A lottery is a type of random selection used to determine who gets something. It’s most often used when the supply of a good or service is limited and there are many people who want it. Some examples include a lottery for units in a subsidized housing block or kindergarten placements at a reputable public school. Lotteries can also be run for recreational purposes, such as a football team draft or an office pool. These events are usually conducted by paying participants who select a group of numbers or symbols and hope that their selections match those randomly spit out by machines. Although there are some negative connotations to the word “lottery,” it’s generally accepted that a winner or small group of winners will be determined by a random process.
A central theme in Shirley Jackson’s story The Lottery is the blind following of outdated traditions and rituals. The story takes place in a rural American village where the people are very traditional and adamant about their customs. When the first scene of the story opens, children gather in the town square, stuffing their pockets with stones, and picking the most beautiful and round ones. This is a clear foreshadowing of what’s to come.
The lottery is arranged by Mr. Summers and the narrator, a man who is considered something of the town patriarch. He reminds the villagers that the lottery is just another one of the “civic activities” they participate in, such as square dances and teenage club meetings. The villagers nod along, even though they know that the outcome of the lottery is likely to result in the death of someone in their community.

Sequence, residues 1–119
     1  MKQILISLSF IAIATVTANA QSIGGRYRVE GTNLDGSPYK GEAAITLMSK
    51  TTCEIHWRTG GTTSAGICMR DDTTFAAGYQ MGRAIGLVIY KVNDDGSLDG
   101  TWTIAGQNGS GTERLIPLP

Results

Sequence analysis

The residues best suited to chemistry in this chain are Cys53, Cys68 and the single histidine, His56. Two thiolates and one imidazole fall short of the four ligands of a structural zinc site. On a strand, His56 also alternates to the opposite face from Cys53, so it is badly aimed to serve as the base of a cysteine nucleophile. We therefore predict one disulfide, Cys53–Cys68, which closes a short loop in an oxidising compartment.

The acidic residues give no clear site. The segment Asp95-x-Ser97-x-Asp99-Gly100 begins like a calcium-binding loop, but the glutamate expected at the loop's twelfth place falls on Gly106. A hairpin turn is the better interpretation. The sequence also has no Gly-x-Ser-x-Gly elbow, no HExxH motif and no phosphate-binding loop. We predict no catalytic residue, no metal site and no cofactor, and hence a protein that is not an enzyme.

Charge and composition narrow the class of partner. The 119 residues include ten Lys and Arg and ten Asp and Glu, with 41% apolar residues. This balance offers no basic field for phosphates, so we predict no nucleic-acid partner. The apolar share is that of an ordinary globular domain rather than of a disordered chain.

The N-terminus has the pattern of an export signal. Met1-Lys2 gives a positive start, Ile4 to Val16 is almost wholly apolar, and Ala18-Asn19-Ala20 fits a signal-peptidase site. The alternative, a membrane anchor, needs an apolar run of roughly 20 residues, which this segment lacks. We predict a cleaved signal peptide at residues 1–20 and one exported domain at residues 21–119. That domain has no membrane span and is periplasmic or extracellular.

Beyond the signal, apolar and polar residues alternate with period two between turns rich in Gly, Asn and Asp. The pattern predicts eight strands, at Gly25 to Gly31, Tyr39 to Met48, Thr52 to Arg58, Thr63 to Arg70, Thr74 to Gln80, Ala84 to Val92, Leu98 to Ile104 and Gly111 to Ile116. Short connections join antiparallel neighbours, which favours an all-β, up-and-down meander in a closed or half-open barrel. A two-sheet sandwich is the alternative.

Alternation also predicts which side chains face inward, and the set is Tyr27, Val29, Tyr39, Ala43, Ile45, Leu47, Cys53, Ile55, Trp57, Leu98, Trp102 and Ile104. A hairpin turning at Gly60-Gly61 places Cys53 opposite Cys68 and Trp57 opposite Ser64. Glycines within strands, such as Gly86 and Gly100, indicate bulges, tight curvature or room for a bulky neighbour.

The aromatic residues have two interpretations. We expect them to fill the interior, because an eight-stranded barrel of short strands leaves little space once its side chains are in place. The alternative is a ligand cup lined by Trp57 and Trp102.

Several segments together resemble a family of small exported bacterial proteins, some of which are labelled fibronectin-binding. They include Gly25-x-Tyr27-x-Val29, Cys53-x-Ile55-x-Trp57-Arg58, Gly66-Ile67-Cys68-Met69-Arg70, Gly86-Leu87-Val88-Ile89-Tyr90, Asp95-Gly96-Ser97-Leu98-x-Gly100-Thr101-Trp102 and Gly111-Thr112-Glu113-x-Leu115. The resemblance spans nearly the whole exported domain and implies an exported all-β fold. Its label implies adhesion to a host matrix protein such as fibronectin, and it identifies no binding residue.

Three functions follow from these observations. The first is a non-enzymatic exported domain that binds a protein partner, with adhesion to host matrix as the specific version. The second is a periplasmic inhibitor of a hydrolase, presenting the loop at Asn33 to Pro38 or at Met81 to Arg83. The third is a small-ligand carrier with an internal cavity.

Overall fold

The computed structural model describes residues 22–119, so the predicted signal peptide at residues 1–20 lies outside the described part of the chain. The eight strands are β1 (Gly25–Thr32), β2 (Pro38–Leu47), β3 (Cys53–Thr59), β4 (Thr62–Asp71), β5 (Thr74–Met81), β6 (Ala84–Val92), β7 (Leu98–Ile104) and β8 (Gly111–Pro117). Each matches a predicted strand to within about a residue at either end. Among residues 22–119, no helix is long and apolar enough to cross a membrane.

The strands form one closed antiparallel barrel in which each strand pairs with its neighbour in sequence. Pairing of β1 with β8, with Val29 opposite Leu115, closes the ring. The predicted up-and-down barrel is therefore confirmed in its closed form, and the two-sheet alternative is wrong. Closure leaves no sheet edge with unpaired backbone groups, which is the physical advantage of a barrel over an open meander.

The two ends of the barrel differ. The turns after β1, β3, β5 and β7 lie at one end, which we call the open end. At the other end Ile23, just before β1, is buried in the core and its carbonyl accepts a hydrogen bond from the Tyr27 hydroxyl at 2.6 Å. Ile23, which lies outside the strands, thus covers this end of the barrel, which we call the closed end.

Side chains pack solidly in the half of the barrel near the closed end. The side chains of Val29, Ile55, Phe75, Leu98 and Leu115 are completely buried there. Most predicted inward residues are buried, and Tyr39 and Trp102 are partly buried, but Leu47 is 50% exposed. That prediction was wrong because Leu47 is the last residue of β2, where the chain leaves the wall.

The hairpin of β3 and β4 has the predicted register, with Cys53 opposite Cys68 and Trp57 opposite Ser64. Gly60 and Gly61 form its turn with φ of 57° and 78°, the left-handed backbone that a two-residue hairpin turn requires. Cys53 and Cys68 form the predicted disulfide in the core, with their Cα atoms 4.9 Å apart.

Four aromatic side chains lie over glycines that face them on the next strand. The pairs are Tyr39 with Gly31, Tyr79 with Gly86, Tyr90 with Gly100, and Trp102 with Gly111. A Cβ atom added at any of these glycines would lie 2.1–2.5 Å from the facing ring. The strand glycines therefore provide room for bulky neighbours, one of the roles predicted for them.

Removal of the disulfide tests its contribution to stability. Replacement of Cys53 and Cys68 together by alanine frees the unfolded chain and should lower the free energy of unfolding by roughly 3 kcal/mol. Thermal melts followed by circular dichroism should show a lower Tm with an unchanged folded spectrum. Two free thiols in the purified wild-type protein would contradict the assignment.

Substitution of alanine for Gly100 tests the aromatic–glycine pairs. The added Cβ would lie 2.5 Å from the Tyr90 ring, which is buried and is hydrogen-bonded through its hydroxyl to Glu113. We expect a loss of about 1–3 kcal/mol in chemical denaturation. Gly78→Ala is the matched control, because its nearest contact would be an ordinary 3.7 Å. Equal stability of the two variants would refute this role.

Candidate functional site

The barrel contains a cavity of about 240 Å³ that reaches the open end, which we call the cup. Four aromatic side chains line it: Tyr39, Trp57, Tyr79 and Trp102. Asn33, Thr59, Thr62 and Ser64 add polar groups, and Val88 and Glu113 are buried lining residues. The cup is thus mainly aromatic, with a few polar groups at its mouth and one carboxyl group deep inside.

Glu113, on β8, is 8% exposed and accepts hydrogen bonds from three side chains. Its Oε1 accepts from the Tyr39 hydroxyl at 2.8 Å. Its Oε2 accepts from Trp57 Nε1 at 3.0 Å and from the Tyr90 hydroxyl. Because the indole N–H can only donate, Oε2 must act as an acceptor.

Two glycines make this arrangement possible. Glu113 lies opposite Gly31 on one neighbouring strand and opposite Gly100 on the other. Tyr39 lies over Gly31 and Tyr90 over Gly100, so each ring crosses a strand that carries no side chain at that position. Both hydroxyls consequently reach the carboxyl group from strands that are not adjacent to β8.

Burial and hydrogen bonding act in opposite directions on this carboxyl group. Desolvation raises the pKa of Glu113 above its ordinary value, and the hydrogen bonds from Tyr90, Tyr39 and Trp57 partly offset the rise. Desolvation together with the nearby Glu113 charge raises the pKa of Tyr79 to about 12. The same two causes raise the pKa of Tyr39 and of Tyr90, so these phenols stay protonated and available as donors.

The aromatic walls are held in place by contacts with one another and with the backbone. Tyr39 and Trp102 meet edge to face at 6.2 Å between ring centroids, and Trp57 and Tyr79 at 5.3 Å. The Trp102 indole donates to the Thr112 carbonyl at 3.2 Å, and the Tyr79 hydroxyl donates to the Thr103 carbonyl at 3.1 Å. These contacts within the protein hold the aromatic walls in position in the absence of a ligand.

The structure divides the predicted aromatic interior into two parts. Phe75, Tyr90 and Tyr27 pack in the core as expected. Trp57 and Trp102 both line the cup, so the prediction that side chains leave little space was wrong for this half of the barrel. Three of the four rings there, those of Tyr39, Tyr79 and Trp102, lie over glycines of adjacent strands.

The narrator’s casual mention of the lottery indicates that most of the villagers have no idea why the lottery is held or even when it was started. The villagers simply follow tradition and believe that it’s important to continue the lottery in order to increase their chances of another successful harvest. They are also afraid to question the authority of the man in charge, so they don’t protest the lottery until it’s too late and they’ve lost.
While there is a certain inextricable human impulse to gamble, most people understand that the odds are long. Still, people buy lottery tickets because they feel that there is some sliver of hope that they will be the lucky winner. The truth is that winning a lottery is an exercise in futility, but people like to play because it gives them a false sense of control over their lives. It is important to note that the regressive nature of lottery gambling means that it tends to prey on those with lower incomes who can’t afford to play the game without dipping into their savings or credit cards. This is why some are concerned that state lotteries could be viewed as a form of income tax. Fortunately, most states are careful to avoid this by making the odds of winning very low.